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Letters against Separation – Liu Ding, Liu Qingshuo, and Carol Yinghua Lu as a family in Beijing

This image was taken when we were visiting Chaozhou, a coastal city in South China on January 23, the day when Wuhan went into lockdown. A man was mediating in solitude facing the Hanjiang River. Since then, nearly everyone in China has been forced into a kind of self-isolating.

When receiving the invitation to join this conversation, we immediately decided to participate as a family of three. It feels the right thing to do since the epidemic has brought our whole family’s life into a new “together” mode. Every day we have been in constant conversation with each other about how the situation evolves and how it affects each of us so much that it will leave a profound mark on all of our lives, thinking and future. We have personally learned a great deal from the words and thoughts of two Wuhan-based writers who have kept and published a daily account of their lives and experiences throughout the lockdown of Wuhan. We believe that writing and sharing of our experience can both help ourselves develop a better understanding of our experience and perhaps can connect many of us who are both frightened by the situation and determined to understand it. As a dear friend has written to us, “any small but heartfelt and personally urgent step matters, especially if it thinks about what is right for the world without the person being self-righteous.” We begin our first entry by answering the questions posted to us in the invitation.

Q: Please describe the situation in general where you are and your circumstances. What differences has Covid-19 made to your life already?

A: It has been exactly 60 days since we returned to Beijing from a short trip to South China on January 31. Initially, we were required by the local authority in our community to be self-isolating at home for 14 days but we have extended it ourselves until now, for fear of catching the virus. All the most tragic and heart-breaking news and stories about and from Wuhan and Hubei Province, the most affected area, have taught us to be extremely cautious and not to underestimate the situation. Constantly reading everything about it for the past two months have taught us one thing, which is that we are really on our own in this. We must do everything to protect ourselves and our loved ones from catching it because it literally has no cure. Past experiences do not apply and the only thing one can do above all is to stay at home and to feel grateful for such a privilege because it could be a thousand times worse. When we get sick of being at home, we think about those infected patients standing for hours waiting to be tested and dropping dead while still waiting to be seen by a doctor in Wuhan barely one month ago, we think about the daily cries appearing online to plead for a hospital bed for their sick family member, we think about all the couriers who are constantly exposed to the danger of infection because they can’t afford to stay home, we think about a friend who went to visit his mother-in-law in Wuhan from another city. He and his wife were preparing to stay for one week but they ended up staying in a hotel room for over 60 days since Wuhan’s lockdown on January 23. They were not allowed to get out of the door of their 15 square meter hotel room all this time and had every meal delivered to their door. Patience is something that we have all learned from the Covid-19 outbreak because just as we thought that everything was looking bright early last week, when new local transmissions in Wuhan fell to zero, things became stiff again. As the time of writing this entry, the number of new local transmissions is zero in China, but imported cases are increasing every day and Beijing has a record number. In particular, asymptomatic patients are highly infectious and the potential risks are very high still. So we continue to stay at home, studying and working.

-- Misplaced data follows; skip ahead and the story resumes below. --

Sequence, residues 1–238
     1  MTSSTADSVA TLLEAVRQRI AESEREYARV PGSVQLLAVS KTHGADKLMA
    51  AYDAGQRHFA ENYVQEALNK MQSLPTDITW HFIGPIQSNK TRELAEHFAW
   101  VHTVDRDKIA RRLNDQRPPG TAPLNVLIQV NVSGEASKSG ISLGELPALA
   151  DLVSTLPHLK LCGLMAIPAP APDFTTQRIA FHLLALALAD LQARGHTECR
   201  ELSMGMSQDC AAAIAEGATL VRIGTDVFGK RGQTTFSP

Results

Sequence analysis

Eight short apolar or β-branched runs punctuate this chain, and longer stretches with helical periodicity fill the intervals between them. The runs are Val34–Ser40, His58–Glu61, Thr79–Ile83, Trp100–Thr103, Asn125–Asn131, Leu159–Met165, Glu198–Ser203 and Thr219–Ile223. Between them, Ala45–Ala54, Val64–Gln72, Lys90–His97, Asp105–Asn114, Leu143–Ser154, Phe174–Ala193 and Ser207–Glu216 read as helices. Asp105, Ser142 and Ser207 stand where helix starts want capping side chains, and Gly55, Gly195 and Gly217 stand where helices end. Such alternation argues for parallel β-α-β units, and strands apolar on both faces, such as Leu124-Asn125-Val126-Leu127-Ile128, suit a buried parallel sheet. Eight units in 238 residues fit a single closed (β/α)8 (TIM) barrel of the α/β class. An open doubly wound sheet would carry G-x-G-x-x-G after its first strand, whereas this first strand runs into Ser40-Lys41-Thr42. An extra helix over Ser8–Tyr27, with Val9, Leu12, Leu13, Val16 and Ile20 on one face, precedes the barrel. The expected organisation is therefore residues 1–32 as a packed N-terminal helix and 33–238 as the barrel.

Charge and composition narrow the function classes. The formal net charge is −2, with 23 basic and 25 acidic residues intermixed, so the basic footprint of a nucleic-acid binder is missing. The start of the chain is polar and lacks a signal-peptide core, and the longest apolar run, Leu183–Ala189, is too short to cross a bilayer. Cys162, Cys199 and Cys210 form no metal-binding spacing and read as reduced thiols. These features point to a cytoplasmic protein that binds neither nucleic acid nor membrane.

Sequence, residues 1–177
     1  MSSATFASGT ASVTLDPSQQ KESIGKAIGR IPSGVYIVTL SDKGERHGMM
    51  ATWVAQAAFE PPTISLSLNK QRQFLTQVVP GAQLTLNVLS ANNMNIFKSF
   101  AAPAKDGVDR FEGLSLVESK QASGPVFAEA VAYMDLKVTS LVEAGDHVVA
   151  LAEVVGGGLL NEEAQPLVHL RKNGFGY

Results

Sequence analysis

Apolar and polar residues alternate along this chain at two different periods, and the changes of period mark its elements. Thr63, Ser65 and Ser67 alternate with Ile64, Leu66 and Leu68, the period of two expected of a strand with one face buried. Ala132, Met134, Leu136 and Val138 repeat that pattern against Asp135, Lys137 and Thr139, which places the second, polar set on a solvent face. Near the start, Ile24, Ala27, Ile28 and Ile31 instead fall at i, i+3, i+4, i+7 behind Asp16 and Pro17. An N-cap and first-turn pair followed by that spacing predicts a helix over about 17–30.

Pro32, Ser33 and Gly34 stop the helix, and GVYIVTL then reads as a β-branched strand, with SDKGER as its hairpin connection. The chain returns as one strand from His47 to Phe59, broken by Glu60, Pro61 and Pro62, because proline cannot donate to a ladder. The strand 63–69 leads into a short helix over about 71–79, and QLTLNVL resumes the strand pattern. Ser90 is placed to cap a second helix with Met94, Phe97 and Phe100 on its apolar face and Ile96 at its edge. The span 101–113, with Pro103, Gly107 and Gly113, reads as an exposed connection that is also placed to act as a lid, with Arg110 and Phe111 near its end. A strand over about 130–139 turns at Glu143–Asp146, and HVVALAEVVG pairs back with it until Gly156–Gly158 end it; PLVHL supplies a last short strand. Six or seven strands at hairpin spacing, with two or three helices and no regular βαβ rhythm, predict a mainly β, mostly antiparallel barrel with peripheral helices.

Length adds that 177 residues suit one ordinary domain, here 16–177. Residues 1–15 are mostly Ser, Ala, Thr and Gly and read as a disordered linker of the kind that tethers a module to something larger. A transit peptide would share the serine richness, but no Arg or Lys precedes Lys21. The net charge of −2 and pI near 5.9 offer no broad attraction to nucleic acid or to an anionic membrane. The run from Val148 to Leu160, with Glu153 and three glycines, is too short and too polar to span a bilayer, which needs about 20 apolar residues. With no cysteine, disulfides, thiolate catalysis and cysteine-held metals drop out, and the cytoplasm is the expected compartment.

It has been almost 90 days since the Covid-19 epidemic broke out. In this epidemic, we are not in the most dangerous Wuhan. The fear and despair we have experienced have been translated through the media, so to a certain extent, we have developed a relationship of empathy with the events during this epidemic.